CEO John Donahoe Says eBay Is Building the Uber for Delivery

EBay’s CEO John Donahoe said the e-commerce company believes it can provide same-day delivery at scale.


Asa Mathat /

“We are building the Uber for delivery people,” Donahoe said this morning at the Goldman Sachs Technology and Internet Conference, following an appearance by Apple’s Tim Cook. “We think we can do it at scale. No one single retailer can do it on their own, so we are building it for the retail industry and using our technology capabilities to build it.”

His opinions differ drastically from Amazon’s last public statements on the topic. In July, Amazon CFO Tom Szkutak said the company was building more distribution centers to be closer to customers and to speed up delivery times, “but in terms of same-day delivery, we don’t see a way to do same-day on a broad scale at the moment.”

Donahoe said he believes that there is plenty of unused inventory in today’s delivery systems to make it work. The goal is to be able to bid out each order to the nearest driver, similar to the way Uber taps into a network of town cars looking for their next fare.

So far, eBay is experimenting on a small scale with pilot programs in San Francisco and parts of New York City. The eBay Now app allows you to look for local inventory at several stores, including Macy’s and Walgreens. After an order is placed, the products are delivered within two to four hours (right now, Donahoe said, times are averaging one to two hours).

He said the system doesn’t work for any one retailer on their own, but that it could work by providing the service to a network of companies with many locations. Still, that isn’t stopping other mega merchants, like Walmart, from also experimenting with same-day delivery. The benefit to eBay or Walmart, in general, is that they are relying on inventory located in stores near central locations, unlike Amazon, which owns massive distribution centers often based on the outskirts of town.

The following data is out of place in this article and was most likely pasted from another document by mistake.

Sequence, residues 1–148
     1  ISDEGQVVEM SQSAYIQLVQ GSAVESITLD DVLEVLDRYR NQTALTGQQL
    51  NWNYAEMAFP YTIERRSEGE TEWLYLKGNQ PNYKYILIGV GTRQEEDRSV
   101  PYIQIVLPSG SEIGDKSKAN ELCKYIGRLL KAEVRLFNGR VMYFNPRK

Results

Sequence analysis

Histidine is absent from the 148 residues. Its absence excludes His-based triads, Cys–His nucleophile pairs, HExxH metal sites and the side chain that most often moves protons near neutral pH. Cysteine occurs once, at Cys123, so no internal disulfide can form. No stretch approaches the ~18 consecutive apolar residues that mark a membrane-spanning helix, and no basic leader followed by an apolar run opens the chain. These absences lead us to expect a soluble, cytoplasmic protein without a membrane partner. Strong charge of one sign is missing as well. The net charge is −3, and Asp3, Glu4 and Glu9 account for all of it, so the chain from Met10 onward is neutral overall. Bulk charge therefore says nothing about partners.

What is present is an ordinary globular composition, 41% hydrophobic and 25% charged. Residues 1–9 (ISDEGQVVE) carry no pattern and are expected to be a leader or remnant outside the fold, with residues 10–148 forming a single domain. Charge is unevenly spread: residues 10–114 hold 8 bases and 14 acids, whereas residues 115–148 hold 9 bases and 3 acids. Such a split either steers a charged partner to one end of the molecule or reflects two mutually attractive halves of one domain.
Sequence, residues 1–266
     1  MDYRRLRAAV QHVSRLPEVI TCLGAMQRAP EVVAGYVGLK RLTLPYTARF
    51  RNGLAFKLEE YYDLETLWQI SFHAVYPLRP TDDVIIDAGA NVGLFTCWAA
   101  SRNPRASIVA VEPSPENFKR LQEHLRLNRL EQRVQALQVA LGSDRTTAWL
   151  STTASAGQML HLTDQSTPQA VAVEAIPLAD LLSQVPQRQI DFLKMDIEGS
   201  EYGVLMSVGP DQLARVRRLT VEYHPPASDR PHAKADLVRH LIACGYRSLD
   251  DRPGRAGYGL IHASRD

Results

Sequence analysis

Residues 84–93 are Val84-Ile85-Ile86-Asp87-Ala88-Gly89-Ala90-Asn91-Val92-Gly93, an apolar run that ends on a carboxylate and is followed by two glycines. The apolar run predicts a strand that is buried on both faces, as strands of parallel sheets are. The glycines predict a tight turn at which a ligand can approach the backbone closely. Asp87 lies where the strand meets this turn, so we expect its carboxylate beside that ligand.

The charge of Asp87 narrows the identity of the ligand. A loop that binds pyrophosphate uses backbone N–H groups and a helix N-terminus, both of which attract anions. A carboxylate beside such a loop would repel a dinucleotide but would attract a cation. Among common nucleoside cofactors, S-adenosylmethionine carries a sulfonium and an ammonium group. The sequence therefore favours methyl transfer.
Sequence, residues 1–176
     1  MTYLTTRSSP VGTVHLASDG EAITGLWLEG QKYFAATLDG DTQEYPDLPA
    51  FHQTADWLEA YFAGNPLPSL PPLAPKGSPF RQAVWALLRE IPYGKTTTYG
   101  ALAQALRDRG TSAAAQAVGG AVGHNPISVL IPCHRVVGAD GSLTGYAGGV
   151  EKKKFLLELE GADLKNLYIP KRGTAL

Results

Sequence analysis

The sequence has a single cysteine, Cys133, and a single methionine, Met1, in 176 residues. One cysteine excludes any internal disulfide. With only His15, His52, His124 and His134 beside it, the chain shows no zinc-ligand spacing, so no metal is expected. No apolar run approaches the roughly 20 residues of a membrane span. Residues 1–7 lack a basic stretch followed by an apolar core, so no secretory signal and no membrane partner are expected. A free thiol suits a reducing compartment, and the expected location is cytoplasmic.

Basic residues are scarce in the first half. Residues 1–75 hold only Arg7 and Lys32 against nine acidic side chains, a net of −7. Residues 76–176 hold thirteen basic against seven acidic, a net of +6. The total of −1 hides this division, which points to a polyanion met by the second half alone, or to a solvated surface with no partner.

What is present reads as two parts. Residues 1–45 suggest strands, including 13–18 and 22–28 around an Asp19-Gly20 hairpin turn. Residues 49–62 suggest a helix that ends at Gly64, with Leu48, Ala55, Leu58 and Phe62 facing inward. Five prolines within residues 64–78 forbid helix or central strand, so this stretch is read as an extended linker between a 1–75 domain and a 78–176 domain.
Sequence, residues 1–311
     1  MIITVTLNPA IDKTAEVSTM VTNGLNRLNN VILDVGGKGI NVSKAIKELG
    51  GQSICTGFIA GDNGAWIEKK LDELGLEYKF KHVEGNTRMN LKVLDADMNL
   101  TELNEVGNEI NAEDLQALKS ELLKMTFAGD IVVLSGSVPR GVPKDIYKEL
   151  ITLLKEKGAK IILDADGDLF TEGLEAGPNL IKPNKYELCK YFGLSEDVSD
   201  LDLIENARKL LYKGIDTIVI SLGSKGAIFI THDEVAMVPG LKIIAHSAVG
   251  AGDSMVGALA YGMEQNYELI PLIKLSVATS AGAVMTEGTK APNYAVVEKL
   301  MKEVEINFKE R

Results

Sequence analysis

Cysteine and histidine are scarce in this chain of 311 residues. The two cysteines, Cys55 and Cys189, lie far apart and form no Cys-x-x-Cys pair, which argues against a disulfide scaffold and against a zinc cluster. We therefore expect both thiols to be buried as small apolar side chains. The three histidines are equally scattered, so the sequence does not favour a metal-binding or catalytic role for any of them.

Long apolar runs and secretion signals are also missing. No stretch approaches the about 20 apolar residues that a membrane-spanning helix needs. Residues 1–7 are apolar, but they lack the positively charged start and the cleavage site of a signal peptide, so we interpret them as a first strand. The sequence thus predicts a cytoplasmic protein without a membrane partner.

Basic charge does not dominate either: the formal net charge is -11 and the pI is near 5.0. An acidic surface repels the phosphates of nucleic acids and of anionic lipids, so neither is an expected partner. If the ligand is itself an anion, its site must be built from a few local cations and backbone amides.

Is delivery something that could eventually make money? Donahoe thinks so.

“We are trying to build it, and over time, if we are building value, then the retailers will pay for those leads,” he said.

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Another gadget you don’t really need. Will not work once you get it home. New model out in 4 weeks. Battery life is too short to be of any use.

— From the fact sheet for a fake product entitled Useless Plasticbox 1.2 (an actual empty plastic box) placed in L.A.-area Best Buy stores by an artist called Plastic Jesus